Montevallo hosts visitors from sister city in Japan
Published 11:31 am Wednesday, October 21, 2015
By MICHELLE ADAMS / Guest Columnist
The Mayor’s breakfast honored hometown heroes, a ribbon cutting ceremony welcomed citizens to the new city hall, and the high school’s undefeated football team played their last home game of the season: It was a busy week in Montevallo.
Joining these celebrations last week were visitors from Montevallo’s sister city of Echizen, Japan.
Guests from Echizen included the city’s mayor, Naito Shunzo; town council president, Kimura Shigeru; and translator, Mohammed Syairir.
Although only here for a few days, they maintained a busy schedule: Participating in the University of Montevallo’s Founder’s Day, visiting the middle school and high school, touring American Village and perusing Blue Phrog Art Gallery.
At the Mayor’s breakfast, Montevallo Mayor Dr. Hollie Cost presented an educational partnership award to the delegation, and they later participated in the ribbon cutting ceremony for the new city hall.
The tours of the local schools included classroom visits, viewing student work and enjoying the excitement of Friday night’s football game.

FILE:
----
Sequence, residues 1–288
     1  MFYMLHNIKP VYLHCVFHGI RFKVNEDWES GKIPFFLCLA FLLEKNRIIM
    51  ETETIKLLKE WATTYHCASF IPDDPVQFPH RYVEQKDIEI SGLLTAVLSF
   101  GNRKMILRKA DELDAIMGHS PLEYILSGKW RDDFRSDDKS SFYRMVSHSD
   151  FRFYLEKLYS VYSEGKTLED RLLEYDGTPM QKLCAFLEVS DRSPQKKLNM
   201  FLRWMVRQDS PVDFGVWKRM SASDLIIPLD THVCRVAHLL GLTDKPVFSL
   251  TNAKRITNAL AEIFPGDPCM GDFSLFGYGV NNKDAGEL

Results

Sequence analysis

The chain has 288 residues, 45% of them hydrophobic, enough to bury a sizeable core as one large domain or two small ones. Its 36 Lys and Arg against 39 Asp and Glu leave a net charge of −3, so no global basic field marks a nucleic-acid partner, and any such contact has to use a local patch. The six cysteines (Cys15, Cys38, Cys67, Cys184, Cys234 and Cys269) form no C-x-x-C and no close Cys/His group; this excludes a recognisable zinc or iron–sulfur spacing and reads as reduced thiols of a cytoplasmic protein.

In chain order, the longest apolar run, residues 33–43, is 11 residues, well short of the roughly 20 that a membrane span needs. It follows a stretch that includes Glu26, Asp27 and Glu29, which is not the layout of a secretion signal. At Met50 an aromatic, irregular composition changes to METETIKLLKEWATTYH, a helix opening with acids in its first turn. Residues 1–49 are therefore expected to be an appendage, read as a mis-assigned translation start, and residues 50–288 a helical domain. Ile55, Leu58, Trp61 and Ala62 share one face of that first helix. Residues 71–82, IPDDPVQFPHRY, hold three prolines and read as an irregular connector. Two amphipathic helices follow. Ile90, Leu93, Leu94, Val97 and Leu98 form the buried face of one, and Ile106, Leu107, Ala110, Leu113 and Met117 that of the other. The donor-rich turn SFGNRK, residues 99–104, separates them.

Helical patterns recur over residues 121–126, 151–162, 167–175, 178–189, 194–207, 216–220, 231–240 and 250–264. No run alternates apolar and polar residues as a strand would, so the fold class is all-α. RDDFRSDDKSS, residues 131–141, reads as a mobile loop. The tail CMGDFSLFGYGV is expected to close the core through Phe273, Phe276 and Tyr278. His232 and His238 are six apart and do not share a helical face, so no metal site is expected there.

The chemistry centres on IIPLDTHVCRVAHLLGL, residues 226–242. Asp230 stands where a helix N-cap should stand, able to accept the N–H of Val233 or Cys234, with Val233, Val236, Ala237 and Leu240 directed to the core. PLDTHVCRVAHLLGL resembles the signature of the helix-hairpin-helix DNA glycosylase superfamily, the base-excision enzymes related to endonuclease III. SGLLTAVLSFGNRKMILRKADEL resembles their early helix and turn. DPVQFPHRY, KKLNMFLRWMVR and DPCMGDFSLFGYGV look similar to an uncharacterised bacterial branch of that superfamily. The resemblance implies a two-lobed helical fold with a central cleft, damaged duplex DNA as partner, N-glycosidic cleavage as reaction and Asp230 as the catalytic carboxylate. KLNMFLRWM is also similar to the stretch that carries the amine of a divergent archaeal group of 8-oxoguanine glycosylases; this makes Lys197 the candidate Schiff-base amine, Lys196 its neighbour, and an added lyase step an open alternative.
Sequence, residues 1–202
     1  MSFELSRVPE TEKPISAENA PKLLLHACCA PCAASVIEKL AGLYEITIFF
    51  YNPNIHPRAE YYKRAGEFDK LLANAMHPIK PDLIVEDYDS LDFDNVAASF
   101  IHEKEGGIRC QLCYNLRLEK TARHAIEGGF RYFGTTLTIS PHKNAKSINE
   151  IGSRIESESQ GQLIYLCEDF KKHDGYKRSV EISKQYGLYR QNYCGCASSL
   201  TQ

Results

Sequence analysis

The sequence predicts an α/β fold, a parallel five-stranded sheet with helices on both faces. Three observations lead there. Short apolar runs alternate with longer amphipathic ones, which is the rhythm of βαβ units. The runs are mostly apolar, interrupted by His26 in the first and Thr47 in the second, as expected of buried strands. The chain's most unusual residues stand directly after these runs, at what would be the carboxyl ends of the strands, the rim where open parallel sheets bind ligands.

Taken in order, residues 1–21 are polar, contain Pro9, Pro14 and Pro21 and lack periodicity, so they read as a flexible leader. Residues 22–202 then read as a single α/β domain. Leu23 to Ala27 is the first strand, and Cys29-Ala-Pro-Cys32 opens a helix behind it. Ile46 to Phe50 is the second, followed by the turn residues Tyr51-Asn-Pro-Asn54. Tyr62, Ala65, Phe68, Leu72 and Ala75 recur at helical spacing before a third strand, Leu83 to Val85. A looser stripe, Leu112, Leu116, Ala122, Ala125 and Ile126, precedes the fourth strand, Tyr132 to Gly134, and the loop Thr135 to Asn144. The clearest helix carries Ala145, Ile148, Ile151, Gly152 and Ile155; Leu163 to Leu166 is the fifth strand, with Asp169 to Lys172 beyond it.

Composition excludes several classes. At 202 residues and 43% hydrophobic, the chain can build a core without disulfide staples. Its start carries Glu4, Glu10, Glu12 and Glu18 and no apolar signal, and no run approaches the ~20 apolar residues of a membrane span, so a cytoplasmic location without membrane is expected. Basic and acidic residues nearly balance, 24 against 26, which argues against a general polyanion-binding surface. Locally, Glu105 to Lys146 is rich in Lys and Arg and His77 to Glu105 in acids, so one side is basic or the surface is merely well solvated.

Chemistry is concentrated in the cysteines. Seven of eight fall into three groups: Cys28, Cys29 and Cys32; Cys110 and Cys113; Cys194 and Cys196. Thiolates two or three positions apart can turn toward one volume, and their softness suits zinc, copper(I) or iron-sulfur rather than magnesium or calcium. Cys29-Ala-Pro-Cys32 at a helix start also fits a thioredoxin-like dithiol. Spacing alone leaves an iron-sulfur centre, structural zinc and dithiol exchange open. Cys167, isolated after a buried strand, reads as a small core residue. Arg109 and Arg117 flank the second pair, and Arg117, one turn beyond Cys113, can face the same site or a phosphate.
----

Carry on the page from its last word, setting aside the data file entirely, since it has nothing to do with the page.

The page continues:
“Our visitors were impressed with the ways we made them feel welcome,” Montevallo High School Principal Brandon Turner said. “Our band and auxiliary teams welcomed them with the MHS Fight Song and The Hey Song, and we provided them with a school flag to take back to Japan with them.”
Since the Sister City Commission was formed in 2007, the relationship between Montevallo and Echizen has steadily progressed with the middle school student exchange program, as well as other cultural and economic endeavors.
This thriving relationship is not just evident through visits like this with Mayor Shunzo, but also through the cultural influence upon students.
Recent MHS graduate Cebastian Cardozo, who has traveled to Echizen, was able to take his turn showing off some of his hometown this past week.
“The delegates from Echizen found Montevallo to be a beautiful town, and expressed their hope to develop the sister-city relationship further,” Cardozo said. “Personally, the sister-city relationship has meant a lot to me. For two cities, thousands of miles apart, to be able to connect through the spread of culture, entertainment and other interests is pretty amazing.”